Karissa Marie Leathers of Oregon is an avid runner and fitness enthusiast. In the following article, Ms. Leathers discusses building a daily running routine, its health benefits, and ways to begin running no matter your current fitness level.
Doctors have known for years that daily exercise contributes to a healthy lifestyle and few forms of exercise are as well regarded as running. By working a daily run into your routine, you can improve your cardiovascular health, as well as your physical strength. Yet, it’s not always easy to build a running routine and you’ll have to take care to avoid injury explains Karissa Marie Leathers.
Although it takes dedication and planning to become a daily runner, the benefits speak for themselves. In this article, Karissa Leathers explains some of the benefits of daily running and introduce some steps you can take to make it a reality, including basic tips on prehab and rehab, and briefly discussing the importance of cycling hard and easy runs.
The Benefits of a Daily Run
It’s common knowledge that you should exercise at least 30 minutes a day to maintain your physical and mental health. When it comes to running, though, there are a few specific benefits that make it a more effective form of exercise than other options says Karissa Leathers.
First, running is a weight-bearing exercise, which means it helps to improve bone density. This is important for people of all ages, but it’s especially important for post-menopausal women and older men, who are at a higher risk for osteoporosis.
Additionally, running is an excellent way to improve cardiovascular health. It strengthens the heart muscle and helps to reduce blood pressure. It also helps to improve cholesterol levels by increasing HDL (good cholesterol) and reducing LDL (bad cholesterol) says Karissa Marie Leathers.
Finally, running helps to improve lung function. It strengthens the muscles used for breathing and helps to increase the capacity of the lungs. As you develop better breathing techniques, you’ll also find that you can better control your stress levels, reduce anxiety throughout the day, and sleep more deeply at night.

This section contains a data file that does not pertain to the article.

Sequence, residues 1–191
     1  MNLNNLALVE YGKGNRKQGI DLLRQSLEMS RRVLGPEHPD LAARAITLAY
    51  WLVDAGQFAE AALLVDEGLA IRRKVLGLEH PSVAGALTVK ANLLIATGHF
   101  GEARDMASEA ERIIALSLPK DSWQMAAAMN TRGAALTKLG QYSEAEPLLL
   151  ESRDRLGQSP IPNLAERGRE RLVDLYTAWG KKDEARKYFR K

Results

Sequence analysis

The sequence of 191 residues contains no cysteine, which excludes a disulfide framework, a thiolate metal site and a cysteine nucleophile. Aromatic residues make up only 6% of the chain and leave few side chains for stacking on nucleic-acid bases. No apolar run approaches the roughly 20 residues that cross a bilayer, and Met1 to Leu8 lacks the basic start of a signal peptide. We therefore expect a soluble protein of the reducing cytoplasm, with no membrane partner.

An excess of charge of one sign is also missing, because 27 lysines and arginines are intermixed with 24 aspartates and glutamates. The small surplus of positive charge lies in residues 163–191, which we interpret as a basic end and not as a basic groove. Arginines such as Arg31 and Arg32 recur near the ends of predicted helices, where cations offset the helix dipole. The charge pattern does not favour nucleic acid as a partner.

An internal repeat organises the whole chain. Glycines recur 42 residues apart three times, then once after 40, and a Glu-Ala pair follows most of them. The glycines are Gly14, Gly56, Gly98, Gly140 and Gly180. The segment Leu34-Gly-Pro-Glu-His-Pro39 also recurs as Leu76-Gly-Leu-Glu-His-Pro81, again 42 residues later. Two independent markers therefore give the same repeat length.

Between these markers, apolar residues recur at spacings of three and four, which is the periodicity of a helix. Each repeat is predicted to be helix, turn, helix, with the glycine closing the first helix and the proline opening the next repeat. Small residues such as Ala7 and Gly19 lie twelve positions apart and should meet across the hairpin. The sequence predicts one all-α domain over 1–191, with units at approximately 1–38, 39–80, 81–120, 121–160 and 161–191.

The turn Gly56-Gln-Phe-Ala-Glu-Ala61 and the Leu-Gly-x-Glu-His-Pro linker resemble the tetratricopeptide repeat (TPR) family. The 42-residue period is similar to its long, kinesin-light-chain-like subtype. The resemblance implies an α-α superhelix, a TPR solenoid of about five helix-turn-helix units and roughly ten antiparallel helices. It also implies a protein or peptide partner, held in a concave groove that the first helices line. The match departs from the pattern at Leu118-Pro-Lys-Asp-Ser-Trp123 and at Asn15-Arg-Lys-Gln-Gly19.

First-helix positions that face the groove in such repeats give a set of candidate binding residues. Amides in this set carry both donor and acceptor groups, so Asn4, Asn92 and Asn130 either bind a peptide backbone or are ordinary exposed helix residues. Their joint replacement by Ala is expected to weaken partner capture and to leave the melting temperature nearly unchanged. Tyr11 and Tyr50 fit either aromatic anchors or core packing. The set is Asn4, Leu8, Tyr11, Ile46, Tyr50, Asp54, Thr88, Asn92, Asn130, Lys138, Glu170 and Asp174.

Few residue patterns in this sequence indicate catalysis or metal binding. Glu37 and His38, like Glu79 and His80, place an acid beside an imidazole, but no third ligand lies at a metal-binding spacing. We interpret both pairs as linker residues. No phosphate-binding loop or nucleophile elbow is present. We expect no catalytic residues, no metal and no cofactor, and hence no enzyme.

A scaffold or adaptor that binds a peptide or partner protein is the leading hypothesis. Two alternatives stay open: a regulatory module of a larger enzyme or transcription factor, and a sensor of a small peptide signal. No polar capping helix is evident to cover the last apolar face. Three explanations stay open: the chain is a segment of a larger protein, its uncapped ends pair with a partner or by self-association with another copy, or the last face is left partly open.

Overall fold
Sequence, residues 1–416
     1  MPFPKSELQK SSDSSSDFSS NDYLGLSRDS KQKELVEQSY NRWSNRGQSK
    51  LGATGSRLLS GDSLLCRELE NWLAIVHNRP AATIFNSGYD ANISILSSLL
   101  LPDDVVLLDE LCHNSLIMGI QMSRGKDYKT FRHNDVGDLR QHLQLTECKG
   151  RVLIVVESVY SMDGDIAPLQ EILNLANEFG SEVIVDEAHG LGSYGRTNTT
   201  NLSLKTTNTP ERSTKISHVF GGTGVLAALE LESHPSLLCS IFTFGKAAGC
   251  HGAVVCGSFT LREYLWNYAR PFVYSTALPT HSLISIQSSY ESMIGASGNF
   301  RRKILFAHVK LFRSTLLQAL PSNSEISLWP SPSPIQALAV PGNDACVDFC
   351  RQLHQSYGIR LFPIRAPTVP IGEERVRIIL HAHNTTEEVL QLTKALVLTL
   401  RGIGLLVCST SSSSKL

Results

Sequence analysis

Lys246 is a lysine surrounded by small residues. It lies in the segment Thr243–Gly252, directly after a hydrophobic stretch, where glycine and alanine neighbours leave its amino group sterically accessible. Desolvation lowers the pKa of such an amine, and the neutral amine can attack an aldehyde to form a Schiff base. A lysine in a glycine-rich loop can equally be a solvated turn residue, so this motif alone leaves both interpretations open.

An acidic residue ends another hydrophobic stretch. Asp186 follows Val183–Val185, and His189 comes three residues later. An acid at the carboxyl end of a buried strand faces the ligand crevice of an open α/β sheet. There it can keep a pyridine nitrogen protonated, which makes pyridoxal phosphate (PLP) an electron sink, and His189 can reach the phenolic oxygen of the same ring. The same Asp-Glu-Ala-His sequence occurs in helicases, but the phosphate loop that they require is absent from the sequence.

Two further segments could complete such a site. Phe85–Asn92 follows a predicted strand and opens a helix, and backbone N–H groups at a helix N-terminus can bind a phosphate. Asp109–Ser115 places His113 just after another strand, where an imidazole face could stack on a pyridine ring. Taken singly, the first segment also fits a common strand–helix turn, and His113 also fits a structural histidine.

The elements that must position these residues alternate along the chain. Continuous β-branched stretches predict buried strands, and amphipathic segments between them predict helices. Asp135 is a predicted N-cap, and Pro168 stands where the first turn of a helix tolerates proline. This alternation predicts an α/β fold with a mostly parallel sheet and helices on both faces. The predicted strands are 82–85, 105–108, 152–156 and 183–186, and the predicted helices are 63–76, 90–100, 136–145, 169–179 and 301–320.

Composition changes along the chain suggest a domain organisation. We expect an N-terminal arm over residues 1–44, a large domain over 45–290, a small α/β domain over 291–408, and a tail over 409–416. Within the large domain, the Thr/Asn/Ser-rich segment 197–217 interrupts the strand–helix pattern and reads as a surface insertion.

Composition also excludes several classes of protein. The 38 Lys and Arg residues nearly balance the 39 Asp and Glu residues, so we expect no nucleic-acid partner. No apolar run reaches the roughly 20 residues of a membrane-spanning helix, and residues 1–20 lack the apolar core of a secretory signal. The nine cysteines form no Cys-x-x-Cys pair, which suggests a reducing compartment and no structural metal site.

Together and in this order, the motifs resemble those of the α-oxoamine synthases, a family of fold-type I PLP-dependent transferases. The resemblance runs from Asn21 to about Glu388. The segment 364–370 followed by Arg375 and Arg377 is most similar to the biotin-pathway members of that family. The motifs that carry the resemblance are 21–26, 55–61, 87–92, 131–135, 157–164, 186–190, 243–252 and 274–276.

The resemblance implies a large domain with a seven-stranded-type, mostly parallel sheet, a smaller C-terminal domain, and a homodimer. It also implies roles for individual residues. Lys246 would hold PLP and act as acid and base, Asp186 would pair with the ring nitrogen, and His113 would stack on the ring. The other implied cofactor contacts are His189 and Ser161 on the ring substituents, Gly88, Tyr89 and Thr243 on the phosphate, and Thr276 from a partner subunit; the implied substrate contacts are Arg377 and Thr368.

How to Build a Running Routine
Karissa Leathers says that as you start building a routine, remember to start slow. If you’re new to running, or if you haven’t run in a while, it’s important to ease into it. Start by running for a few minutes, followed by a few minutes of walking. Over time, you can gradually increase the amount of time you spend running until you’re able to continue the entire 30 minutes.
It’s also important to find a time of day that works for you. Some people prefer to run in the morning, while others prefer to run in the evening. If you can, try to run at the same time each day, so that it becomes a part of your daily routine explains Karissa Marie Leathers.
Finally, it’s important to find a place to run that you enjoy. If you can, try to find a route that has a mix of sun and shade, and that has a few hills. This will help to keep you motivated, and it will also help to make your run more challenging.
Prehab and Rehab
Karissa Leathers explains that before you start your running routine, it’s important to do some basic prehab, which is short for “preventative rehabilitation.” This simply means taking some time to warm up and stretch before you run. A good warm-up should last for 5-10 minutes, and it should include some light jogging, as well as some dynamic stretches.
After your run, it’s important to do some basic rehab, which is short for “rehabilitation.” This simply means taking some time to cool down and stretch. A good cool-down should last for 5-10 minutes, and it should include some final light jogging, as well as some static stretches says Karissa Marie Leathers.
By working these preparatory and recovery steps into your routine, you can avoid injuries and help to strengthen your leg and core muscles. This is especially important when you first start out, as you’ll likely feel sore and vulnerable after the first few runs.
Cycling Hard and Easy Runs
Once you’ve built up to running for 30 minutes a day, you can start to mix in some harder runs. These are runs that are performed at a faster pace, and they should make you feel like you’re working hard. Hard runs should make up no more than 30% of your total running volume.
The rest of your runs should be easy runs. These are runs that are performed at a comfortable pace, and they should make you feel like you could keep going for hours. Easy runs should make up the remaining 70% of your total running volume explains Karissa Leathers.
In conclusion, daily running is a great way to improve your physical and mental health. It’s important to start slow, and to find a time of day and a place to run that you enjoy. It’s also important to do some basic prehab and rehab, and to cycle between hard and easy runs to prevent injuries and progressively increase your endurance.